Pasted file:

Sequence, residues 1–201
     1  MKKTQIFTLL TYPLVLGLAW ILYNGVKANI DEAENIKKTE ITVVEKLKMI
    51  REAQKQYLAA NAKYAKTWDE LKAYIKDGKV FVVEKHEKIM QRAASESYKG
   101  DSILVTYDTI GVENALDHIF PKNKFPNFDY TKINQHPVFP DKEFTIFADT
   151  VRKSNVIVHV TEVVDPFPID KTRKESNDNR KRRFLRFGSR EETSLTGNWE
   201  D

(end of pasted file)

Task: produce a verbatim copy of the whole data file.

Sequence, residues 1–201
     1  MKKTQIFTLL TYPLVLGLAW ILYNGVKANI DEAENIKKTE ITVVEKLKMI
    51  REAQKQYLAA NAKYAKTWDE LKAYIKDGKV FVVEKHEKIM QRAASESYKG
   101  DSILVTYDTI GVENALDHIF PKNKFPNFDY TKINQHPVFP DKEFTIFADT
   151  VRKSNVIVHV TEVVDPFPID KTRKESNDNR KRRFLRFGSR EETSLTGNWE
   201  D